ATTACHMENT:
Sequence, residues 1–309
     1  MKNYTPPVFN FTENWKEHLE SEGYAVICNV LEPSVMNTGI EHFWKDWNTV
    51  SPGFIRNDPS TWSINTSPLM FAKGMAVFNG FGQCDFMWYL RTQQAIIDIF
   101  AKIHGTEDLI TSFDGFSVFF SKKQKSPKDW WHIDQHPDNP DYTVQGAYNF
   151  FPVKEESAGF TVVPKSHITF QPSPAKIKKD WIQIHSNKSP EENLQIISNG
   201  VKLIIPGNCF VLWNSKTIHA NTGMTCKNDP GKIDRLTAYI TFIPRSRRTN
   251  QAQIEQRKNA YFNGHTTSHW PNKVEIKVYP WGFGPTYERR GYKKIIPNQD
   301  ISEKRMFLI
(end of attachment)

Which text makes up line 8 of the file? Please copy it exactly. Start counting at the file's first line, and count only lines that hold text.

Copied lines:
   301  ISEKRMFLI